in the western states. Early in his life, he was befriended by the frontier legend, Kit
Carson, and when Fort McDowell was founded in Arizona in 1865, he arranged for Thorne to
become an army doctor with an officers rank.
At this time, fighting between the whites and the Apache was often fierce. The Indians
were being besieged by the Army but it would not be long before cooler heads would prevail
and President Abraham Lincoln would create a compromise in the area. He proposed a
reservation along the Verde River, near Fort McDowell, which could serve as a sanctuary
for the Apache. It was here, in an area known unofficially as the Strip, where
Thorne came to live and work amongst the Indians. He soon made many friends and earned
respect from the tribal leaders, caring for the sick and injured, delivering babies and
teaching hygiene and waste disposal.
In 1870, a strange incident would take place in Dr. Thornes career. Several of the
elders in the tribe came to him with a proposal. Because he was considered a good man and
a friend of the Apache, they would take him to a place where he could find gold. The only
condition would be that he was to be blindfolded during the journey of roughly 20 miles.
Dr. Thorne agreed and the Indians placed a cloth around his head and over his eyes. They
led him away on horseback and at the end of the journey, the cloth was removed and he
found himself in an unknown canyon. He would later write that he saw a sharp pinnacle of
rock about a mile to the south of him. Treasure hunters believe this was most likely
Weavers Needle. There was no sign of a mine, but piled near the base of the canyon
wall (as if placed there for him) was a stack of almost pure gold nuggets. He picked up as
much of it as he could carry and returned home. He later sold the ore for $6,000 and
became another strange link in the mystery of the mines location.
First of all, I guess we should clear up one popular misconception about Jacob Walz
(or Waltz depending on the story you hear) and its that he was not a
Dutchman. He was actually from Germany and born there in the early
1800s. He came to America in 1845 and soon heard about the riches and adventure that
were waiting in the frontier beyond New York. His first gold seeking took him to a strike
in North Carolina and from there he traveled to Mississippi, California and Nevada...
always looking for his elusive fortune.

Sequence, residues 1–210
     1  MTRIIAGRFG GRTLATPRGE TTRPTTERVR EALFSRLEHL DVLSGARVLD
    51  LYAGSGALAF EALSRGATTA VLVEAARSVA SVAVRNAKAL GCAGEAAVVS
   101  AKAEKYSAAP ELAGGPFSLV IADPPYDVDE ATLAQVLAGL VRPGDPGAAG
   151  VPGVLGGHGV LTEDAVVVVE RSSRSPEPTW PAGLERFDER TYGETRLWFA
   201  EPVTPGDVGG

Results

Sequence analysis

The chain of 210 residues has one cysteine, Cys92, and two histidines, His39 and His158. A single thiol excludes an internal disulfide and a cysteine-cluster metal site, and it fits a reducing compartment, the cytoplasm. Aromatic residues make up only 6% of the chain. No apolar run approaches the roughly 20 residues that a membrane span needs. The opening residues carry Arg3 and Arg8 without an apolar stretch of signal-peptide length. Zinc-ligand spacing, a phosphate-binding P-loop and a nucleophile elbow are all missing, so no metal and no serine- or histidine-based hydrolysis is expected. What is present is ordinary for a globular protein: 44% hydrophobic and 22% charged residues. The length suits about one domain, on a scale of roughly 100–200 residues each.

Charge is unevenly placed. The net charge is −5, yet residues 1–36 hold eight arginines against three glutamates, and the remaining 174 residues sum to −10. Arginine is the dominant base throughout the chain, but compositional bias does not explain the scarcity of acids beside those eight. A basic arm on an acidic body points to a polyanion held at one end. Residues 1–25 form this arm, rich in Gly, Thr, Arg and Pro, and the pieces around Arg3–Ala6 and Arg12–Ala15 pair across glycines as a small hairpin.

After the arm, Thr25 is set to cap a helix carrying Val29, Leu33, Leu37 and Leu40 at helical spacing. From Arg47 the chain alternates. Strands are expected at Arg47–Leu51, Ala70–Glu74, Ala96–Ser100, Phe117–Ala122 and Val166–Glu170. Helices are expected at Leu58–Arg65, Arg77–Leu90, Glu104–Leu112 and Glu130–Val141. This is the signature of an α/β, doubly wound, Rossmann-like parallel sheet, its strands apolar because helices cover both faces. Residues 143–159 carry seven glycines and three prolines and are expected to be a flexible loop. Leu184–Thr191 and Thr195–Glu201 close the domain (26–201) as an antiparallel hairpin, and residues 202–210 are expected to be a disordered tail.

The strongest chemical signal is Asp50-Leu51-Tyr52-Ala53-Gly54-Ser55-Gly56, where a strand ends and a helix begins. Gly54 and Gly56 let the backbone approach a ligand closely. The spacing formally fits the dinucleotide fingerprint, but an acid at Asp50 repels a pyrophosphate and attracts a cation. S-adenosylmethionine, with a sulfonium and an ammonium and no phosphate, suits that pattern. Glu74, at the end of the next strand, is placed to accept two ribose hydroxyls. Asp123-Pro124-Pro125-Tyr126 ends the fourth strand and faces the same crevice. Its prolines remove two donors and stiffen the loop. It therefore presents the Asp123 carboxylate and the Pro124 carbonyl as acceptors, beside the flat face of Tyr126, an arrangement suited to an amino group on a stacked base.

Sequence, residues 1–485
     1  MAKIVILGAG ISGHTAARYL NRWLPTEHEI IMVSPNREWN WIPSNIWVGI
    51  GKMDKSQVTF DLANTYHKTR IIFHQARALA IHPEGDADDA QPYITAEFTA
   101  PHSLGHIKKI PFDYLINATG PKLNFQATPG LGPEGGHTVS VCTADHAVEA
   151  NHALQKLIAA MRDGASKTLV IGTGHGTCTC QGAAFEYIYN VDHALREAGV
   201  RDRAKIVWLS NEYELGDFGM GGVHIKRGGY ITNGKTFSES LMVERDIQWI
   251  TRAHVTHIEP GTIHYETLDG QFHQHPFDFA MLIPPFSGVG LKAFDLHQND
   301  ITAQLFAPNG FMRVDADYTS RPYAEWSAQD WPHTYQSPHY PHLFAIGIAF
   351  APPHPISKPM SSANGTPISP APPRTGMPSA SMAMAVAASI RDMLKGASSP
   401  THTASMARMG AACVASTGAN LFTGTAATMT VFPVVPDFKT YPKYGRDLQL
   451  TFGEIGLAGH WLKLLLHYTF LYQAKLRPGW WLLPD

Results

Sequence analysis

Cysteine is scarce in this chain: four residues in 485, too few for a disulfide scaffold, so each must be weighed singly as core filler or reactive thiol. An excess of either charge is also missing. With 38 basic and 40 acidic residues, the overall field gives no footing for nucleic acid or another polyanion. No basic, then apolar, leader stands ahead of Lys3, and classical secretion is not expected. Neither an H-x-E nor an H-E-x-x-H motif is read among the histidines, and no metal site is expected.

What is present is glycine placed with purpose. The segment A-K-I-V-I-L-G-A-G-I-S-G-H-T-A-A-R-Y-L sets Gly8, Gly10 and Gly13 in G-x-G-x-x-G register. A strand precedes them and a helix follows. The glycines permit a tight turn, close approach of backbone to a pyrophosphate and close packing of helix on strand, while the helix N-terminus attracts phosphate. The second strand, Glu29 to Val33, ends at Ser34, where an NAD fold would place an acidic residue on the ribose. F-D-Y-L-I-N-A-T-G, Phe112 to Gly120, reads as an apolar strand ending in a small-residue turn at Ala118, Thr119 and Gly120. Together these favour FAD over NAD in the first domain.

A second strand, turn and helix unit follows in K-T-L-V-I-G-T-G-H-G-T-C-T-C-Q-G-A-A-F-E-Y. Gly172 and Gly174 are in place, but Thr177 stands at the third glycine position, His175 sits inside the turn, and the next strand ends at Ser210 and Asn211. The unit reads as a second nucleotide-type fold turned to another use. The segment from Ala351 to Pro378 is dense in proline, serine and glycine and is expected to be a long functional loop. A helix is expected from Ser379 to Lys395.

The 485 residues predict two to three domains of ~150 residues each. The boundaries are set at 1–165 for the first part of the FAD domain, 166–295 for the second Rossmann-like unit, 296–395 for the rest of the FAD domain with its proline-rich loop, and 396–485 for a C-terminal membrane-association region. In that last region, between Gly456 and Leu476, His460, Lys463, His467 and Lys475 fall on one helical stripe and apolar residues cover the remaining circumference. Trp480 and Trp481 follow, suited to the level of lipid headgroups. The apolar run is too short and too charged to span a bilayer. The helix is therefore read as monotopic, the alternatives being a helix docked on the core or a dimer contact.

Walz worked the gold field of the Sierra Nevada foothills for more than ten years, never
getting rich, but turning up enough gold to get along. By 1868, he was in his fifties and
wondering if he was ever going to find his proverbial mother lode. The Indians
had nick-named him Snowbeard because of his long, white whiskers and it
isnt hard to picture him as one of those grizzled old prospectors who were so common
in western films.
That same year, Walz began homesteading in the Rio Satillo Valley, which is on the
northern side of Superstition Mountain. Soon after he arrived, he began to hear stories
from the local Indians about supernatural doings around the mountain, about a fierce
god... and about vast deposits of gold.
Most stories about Jacob Walz say that he spent the next 20 years of so prospecting
for gold around the Arizona Territory. He often worked for wages in other mens mines
while he searched from his own fortune. It was during one of these jobs that he met Jacob
Weiser, most likely while he was working at the Vulture Mine in 1870.
One version of the legend claims that Walz was fired from the mine for stealing gold and
soon, the two Dutchman struck out on their own and vanished into the land
around Superstition Mountain. Not long after, they were seen in Phoenix paying for drinks
and supplies with gold nuggets. Some claimed this gold was the stolen loot from the
Vulture Mine, while others said that it was of much higher quality and had to have come
from somewhere else. Regardless of where it came from, the two men would spend the gold
around town for the next two decades.
There have been a number of stories about how the men found the lost mine.
According to some, they stumbled upon it by accident. Others say that killed two Mexican
miners, who they mistook for Indians, and then realized the men were mining gold.... but
the most accepted version of the story is that they were given a map to the mine by a
Mexican don whose life they saved.
The man was said to have been Don Miguel Peralta, the son of a rich landowner in Sonora,
Mexico and a descendant of the original discoverer of the mine. The Dutchmen saved Peralta
from certain death in a knife fight and as a reward, he gave them a look at the map to the
mine. He was later said to have been bought out of the mine by Walz and
At some point in the years that followed, Jacob Weiser disappeared without a trace. Some
say that the Apaches killed him, while others maintain that Walz actually did him in. (As
you can see, there is a lot of speculation to the legend).
But Walz was always around, at least part of the time. Long periods would go by when no
one would see him and then he would show up in Phoenix again, buying drinks with gold
nuggets. It was said that Walz had the richest gold ore that anyone had ever seen and for
the rest of his life, he vanished back and forth to his secret mine, always bringing back
saddlebags filled with gold. Whenever anyone tried to get information out of him, he would
always give contradictory directions to where the mine was located. On many occasions, men
tried to follow him when he left town, but Walz would always shake his pursuers in the
rugged region around the mountain.
By the winter of 1891, an old Mexican widow named Julia Elena Thomas, who owned a small
bakery in Phoenix, befriended the aged miner. Apparently, they became romantically
involved and Walz promised to take her to his secret mine in the spring....
but she never saw it. The Dutchman died on October 25, 1891 with a sack of rich gold ore
beneath his deathbed.
Immediately after word reached town about Jacob Walzs death, a number of men who had